Mint Explainer: What China’s shrinking population means for its global might

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In a historic demographic shift, China’s population has declined for the first time in 60 years. According to the latest population data released by China’s government, the world’s most populous nation saw its population shrink by 850,000 people. Mint breaks down the implications of this change:

China’s National Bureau of Statistics revealed that China’s population shrank by close to a million people in 2022. Last year, China saw 9.56 million births, a sharp decline from the 10.62 million births in 2021. Concurrently, the country saw 10.41 million deaths.

Experts believe that China is now on an irreversible path to rapid ageing and population decline. By 2035, a third of the population will be above the age of 60. With the population and working age labour force set to decline, there are serious consequences for China’s growth prospects.

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China’s demographic problem has its roots in the Chinese government’s 1980 decision to institute the One Child policy. While it was aimed at reducing the country’s population burden, it also ensured birth rates fell below 2.1 births per woman, which is the fertility rate needed to ensure that population levels remain stable.

China’s massive pool of young, cheap labour proved a key asset during the country’s economic boom over the last three decades. However, as this generation of workers began to age, there were fewer young people to replace them in the workforce.

China’s population is expected to shrink by 109 million by 2050. Fewer young workers and an increase in older retirees will reduce the productive potential of the economy and will place substantial strains on social infrastructure as retirees will need pensions and healthcare.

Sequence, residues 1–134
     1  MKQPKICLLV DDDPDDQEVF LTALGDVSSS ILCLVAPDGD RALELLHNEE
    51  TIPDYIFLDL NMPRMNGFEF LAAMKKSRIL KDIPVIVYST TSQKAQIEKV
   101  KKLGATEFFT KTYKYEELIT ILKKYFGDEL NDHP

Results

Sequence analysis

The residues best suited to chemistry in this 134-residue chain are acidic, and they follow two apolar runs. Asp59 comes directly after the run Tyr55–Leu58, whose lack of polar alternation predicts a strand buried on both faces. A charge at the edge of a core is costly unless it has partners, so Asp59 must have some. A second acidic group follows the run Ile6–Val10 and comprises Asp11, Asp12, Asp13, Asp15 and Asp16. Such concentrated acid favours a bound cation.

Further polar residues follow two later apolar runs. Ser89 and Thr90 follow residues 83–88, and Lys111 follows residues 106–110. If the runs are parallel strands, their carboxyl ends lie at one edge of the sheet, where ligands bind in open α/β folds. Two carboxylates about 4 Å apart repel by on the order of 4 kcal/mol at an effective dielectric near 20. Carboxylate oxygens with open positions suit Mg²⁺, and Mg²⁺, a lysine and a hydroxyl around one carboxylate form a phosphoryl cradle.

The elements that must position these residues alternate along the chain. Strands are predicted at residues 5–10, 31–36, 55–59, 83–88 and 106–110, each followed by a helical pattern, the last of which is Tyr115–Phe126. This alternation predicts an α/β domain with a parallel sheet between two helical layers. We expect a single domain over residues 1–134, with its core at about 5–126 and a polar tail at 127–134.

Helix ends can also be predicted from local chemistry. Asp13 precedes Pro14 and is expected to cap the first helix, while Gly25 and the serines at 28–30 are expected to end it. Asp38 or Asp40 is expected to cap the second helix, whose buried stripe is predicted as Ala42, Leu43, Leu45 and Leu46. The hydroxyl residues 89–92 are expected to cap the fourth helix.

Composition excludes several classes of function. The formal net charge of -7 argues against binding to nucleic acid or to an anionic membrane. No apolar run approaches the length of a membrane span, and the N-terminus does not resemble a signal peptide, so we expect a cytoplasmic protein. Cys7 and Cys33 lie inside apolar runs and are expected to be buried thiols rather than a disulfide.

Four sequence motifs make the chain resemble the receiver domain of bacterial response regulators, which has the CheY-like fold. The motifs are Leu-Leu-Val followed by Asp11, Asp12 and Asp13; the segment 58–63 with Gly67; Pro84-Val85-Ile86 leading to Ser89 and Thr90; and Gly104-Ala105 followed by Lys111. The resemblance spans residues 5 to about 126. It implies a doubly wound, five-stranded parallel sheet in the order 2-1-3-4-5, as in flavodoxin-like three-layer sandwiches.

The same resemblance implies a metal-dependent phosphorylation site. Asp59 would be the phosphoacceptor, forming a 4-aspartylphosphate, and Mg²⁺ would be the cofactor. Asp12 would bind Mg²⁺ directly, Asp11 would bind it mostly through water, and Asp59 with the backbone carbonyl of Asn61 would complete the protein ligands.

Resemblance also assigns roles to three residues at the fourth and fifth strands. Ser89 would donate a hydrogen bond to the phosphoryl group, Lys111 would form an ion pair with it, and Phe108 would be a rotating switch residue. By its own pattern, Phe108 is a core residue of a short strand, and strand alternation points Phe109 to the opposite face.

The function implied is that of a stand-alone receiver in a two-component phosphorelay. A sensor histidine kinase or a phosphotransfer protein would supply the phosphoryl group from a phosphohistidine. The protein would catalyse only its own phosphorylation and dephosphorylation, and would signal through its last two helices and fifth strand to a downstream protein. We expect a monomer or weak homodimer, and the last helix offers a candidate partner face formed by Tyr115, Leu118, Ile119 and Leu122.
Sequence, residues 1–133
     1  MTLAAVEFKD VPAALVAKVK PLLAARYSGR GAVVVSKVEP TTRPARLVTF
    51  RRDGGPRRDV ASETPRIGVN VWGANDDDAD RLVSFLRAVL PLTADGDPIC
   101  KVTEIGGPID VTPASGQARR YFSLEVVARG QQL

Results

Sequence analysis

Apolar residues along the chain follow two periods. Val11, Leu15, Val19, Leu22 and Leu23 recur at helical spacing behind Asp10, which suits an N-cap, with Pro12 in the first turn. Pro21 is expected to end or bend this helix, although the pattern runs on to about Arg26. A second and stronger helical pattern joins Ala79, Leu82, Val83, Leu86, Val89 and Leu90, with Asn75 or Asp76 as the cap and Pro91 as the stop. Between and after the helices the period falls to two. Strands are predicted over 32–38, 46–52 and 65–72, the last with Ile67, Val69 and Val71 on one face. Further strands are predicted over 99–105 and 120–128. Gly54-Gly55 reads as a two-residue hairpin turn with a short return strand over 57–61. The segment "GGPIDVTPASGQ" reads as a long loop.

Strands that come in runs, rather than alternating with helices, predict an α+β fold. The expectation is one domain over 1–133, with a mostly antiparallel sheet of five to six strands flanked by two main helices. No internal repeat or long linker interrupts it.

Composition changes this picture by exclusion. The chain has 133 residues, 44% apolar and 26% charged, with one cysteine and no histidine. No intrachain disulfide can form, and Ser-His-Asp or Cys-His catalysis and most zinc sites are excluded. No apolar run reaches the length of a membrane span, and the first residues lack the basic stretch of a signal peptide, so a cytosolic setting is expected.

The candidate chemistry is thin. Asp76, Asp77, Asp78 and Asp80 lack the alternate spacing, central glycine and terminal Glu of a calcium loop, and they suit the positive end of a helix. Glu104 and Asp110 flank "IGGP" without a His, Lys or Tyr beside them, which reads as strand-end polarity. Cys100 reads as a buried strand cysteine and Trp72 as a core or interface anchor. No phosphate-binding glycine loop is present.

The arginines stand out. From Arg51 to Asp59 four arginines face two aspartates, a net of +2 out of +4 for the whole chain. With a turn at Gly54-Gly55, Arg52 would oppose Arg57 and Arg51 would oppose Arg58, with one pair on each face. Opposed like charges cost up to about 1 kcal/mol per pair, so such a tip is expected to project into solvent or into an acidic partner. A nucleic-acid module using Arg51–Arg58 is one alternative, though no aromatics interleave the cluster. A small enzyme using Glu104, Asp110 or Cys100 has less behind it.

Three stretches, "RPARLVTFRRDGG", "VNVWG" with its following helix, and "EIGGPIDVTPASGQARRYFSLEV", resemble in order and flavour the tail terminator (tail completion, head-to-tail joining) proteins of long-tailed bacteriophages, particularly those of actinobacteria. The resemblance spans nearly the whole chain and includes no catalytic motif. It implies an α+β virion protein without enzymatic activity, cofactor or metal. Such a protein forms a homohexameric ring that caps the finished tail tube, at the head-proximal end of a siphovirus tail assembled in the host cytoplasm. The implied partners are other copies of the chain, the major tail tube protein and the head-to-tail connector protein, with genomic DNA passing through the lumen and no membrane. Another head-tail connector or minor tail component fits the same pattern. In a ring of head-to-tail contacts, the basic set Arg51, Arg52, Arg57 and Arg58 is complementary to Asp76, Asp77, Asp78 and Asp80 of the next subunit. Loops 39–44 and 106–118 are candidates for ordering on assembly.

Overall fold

Beijing, well aware of the scale of the crisis, reversed the One Child policy in 2016. However, a rising cost of living and increasing female participation in the workforce among other factors limit most young couples to having just one child.

This demographic crisis will have serious consequences for the world given China’s centrality in global supply chains, particularly as a manufacturing power. A decline in the country’s productive workforce will send ripples throughout the global economy.

China’s foreign policy may also see changes. A country that must spend staggering sums on old-age care and health even as tax revenues decline will find it difficult to also spend vast sums on its military ambitions globally.

The decline in China’s population will also contribute to India overtaking China to become the world’s most populous nation this year, according to the UN’s estimates.

Elsewhere in Mint

In Opinion, Madan Sabnavis says the upcoming budget may not spring any big surprise. Pramit Bhattacharya reveals what data says about the great Indian middle class. Rajat Dhawan writes about five priorities for India Inc. Long Story delves deep into India’s ongoing pension battle.

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